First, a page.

Edith Stim­ler

Heroic Auschwitz sur­vivor who risked per­sonal dan­ger smug­gling bread to starv­ing in­mates

The Jewish Chronicle - - LIFE -

SHE HAD sur­vived Auschwitz and was de­ter­mined to live ev­ery day to its fullest. But Edith Stim­ler, who has died aged 87, was haunted by the loss of one of her most im­por­tant pos­ses­sions: a picture of her fa­ther Shloime, who had been mur­dered by the Nazis, and af­ter whom she had named her first son. Then in 2010 she was re­united with his im­age af­ter a mag­a­zine from her home town printed an in­ter­view about her war ex­pe­ri­ence.

This came about via a phone call from an old school-mate who had sub­scribed to the pub­li­ca­tion to con­nect with his pre-war life. Mik­losh Weiss wanted to thank her for throw­ing food to him over the fence in Auschwitz, Mirac­u­lously, he had a pho­to­graph of both their fa­thers sit­ting to­gether at a school meet­ing. He sent her a copy, which she cher­ished for her re­main­ing years.

The sec­ond of five chil­dren, Edith was born to Shloime Zal­man and Beila Fried in the town of Sá­toral­jaújhely, Hun­gary. Her fa­ther was in the leather busi­ness, and her grand­fa­ther owned sev­eral vine­yards out­side the city. where she and her brother played on sum­mer days. In the mid­dle of the fields there was a hut which be­came a shtiebel, while the work­ers waited for the mid­day heat to sub­side.

In May 1944, the fam­ily were de­ported to Auschwitz where her mother, sis­ters and older brother were sent to the gas cham­bers, while Edith’s fa­ther was cho­sen for labour. They only saw each other twice through a barbed wire fence be­fore he, too was killed.

Edith started work in the Canada sec­tion, sort­ing through plun­dered cloth­ing and pos­ses­sions from ar­rivals. She took ad­van­tage of this po­si­tion to smug­gle bread and scraps to fel­low in­mates, and even threw food over the fence to those who called out for it. Edith also sus­tained the life of her cousin, who was ill and weaker than she was, through her heroic and dan­ger­ous se­cret smug­gling ef­forts.

Hav­ing grown up with a Ger­man nanny, Edith spoke the language per­fectly. This skill en­abled SS of­fi­cers to use her as their mes­sen­ger girl. Af­ter sur­viv­ing a six day death march into Ger­many in Oc­to­ber 1944, aged 15, Edith be­came a slave worker in the Siemens fac­tory.

In May, 1945 she was lib­er­ated by the Swedish Red Cross in the White Bus Mis­sion or­gan­ised by Count Folke Ber­nadotte. The buses were painted white with a red cross to avoid con­fu­sion with mil­i­tary ve­hi­cles un­der Al­lied bomb­ing. Plagued with tu­ber­cu­lo­sis and mal­nu­tri­tion, she was hos­pi­talised at Fagereds Sana­to­rium in Lia, Swe­den, for five years, and later trans­ferred to Eta­nia Sana­to­rium in Davos, Switzer­land, for an­other two years. When she was fi­nally re­leased in June 1952, she moved to Lon­don.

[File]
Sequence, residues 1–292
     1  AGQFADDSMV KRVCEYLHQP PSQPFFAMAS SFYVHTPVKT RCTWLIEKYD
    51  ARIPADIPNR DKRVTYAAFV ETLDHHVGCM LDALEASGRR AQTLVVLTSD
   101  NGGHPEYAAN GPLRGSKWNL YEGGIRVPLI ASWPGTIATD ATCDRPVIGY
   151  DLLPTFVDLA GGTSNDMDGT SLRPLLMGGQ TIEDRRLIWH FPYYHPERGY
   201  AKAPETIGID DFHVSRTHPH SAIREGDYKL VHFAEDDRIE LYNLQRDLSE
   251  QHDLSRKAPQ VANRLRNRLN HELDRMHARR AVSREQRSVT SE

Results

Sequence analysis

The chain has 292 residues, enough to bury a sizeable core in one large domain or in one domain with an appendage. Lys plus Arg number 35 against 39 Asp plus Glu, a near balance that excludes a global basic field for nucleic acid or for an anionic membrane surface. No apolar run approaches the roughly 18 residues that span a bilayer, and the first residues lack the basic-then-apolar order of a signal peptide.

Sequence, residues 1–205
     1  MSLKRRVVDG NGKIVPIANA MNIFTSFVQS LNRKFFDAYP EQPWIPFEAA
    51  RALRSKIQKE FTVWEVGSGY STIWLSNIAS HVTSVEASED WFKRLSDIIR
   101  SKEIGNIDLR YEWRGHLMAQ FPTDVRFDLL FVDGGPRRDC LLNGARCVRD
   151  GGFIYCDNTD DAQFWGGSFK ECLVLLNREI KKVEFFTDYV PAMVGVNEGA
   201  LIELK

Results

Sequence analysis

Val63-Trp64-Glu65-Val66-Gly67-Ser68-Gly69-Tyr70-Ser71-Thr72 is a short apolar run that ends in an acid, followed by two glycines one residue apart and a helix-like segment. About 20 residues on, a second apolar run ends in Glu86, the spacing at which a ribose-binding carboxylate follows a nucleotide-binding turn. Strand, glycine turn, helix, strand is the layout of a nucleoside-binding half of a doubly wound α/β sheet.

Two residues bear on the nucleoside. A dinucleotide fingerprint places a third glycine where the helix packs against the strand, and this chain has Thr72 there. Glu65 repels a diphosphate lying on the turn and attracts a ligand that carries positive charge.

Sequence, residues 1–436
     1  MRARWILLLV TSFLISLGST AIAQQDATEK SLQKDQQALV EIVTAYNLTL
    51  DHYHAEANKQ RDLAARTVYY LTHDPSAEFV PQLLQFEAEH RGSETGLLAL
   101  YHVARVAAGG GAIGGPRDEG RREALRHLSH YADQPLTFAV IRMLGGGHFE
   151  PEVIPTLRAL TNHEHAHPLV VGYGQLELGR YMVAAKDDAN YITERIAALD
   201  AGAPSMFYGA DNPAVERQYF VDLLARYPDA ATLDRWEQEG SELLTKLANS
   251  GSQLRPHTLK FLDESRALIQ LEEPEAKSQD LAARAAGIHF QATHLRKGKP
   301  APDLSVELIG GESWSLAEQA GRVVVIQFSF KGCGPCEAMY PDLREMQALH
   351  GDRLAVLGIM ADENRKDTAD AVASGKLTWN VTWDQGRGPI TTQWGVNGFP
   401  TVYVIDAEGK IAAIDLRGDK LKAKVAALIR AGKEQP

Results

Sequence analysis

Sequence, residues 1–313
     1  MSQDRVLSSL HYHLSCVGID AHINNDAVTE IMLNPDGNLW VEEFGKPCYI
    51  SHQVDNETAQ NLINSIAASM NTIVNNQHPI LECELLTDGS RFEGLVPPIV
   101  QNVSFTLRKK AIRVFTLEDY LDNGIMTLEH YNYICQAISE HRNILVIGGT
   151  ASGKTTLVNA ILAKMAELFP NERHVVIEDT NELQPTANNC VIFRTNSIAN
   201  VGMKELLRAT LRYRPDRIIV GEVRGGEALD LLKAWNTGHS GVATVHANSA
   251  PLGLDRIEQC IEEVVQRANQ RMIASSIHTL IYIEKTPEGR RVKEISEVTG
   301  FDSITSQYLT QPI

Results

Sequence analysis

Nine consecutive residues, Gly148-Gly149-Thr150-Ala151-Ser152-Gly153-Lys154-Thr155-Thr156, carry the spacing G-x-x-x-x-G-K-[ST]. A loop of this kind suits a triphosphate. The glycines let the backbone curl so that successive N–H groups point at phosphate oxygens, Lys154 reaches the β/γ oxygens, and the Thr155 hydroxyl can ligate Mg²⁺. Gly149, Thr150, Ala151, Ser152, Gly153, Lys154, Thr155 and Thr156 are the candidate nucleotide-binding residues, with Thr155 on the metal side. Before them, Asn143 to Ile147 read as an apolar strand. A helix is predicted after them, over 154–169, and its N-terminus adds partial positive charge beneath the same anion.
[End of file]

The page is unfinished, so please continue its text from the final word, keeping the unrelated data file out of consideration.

Ea­ger to catch up on her lost ed­u­ca­tion, Edith at­tended the Bais Yaakov Sem­i­nary in Stam­ford Hill. In 1953, she mar­ried Wolly Stim­ler, hav­ing been in­tro­duced by his cousins whom she had met in Switzer­land. With no fam­ily left of her own, his fam­ily be­came hers.

In Auschwitz, she had been gen­er­ous with food when there was none, and she con­tin­ued to feed oth­ers through­out the rest of her life. Un­til five years ago, she reg­u­larly served tea and chat­ted to res­i­dents at Sage, a home for the el­derly.

Edith loved mak­ing peo­ple smile and would bake and dis­trib­ute ap­ple cakes on an in­dus­trial scale be­fore ev­ery fes­ti­val. Ev­ery week she gave them to her grand­chil­dren, neigh­bours, and even to her friends at the lo­cal chemist. She nour­ished ev­ery­one with her spirit, spend­ing hours on the phone coun­selling the vul­ner­a­ble and needy within the com­mu­nity.

She al­ways en­sured her chil­dren had the best Jewish ed­u­ca­tion, to con­tinue her par­ents’ le­gacy. In spite of early tragedy, Edith ra­di­ated pos­i­tiv­ity car­ry­ing her­self re­gally while ex­ud­ing an Old Hol­ly­wood glam­our. She stud­ied elo­cu­tion, de­port­ment and fash­ion de­sign at South Kens­ing­ton’s Lu­cie Clay­ton School of Fash­ion,whose stu­dents in­cluded Joanna Lum­ley and Jean Shrimp­ton.

Edith is sur­vived by her hus­band Wolly Stim­ler, their chil­dren Shloime, Belinda and Her­shy, grand­chil­dren and great grand­chil­dren.


Edith Stim­ler: born Septem­ber 6, 1929. Died Jan­uary 19, 2017

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